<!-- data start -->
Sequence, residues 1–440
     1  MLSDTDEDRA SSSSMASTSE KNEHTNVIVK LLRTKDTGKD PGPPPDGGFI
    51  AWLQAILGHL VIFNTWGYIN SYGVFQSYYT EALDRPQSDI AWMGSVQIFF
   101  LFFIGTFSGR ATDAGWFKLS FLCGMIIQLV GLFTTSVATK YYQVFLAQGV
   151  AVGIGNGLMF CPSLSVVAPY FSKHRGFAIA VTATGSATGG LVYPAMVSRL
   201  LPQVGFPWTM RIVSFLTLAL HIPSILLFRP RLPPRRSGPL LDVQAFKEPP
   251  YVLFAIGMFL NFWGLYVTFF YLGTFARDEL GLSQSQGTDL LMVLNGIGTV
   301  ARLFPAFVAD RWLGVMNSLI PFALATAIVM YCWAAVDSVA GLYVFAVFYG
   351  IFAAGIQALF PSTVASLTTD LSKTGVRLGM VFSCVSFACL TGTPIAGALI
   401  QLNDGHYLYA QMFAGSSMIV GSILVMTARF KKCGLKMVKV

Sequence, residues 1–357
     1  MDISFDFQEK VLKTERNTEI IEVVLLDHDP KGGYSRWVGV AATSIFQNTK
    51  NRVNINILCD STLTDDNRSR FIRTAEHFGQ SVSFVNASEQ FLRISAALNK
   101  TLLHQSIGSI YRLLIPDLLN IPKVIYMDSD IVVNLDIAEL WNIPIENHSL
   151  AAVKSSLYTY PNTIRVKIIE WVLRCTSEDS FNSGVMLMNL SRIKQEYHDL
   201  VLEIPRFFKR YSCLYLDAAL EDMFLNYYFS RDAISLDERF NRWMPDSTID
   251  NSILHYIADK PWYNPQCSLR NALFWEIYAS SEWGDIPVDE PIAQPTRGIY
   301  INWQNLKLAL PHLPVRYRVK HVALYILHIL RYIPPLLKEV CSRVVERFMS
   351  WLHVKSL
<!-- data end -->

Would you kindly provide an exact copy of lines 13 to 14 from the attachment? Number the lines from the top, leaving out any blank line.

    51  NRVNINILCD STLTDDNRSR FIRTAEHFGQ SVSFVNASEQ FLRISAALNK
   101  TLLHQSIGSI YRLLIPDLLN IPKVIYMDSD IVVNLDIAEL WNIPIENHSL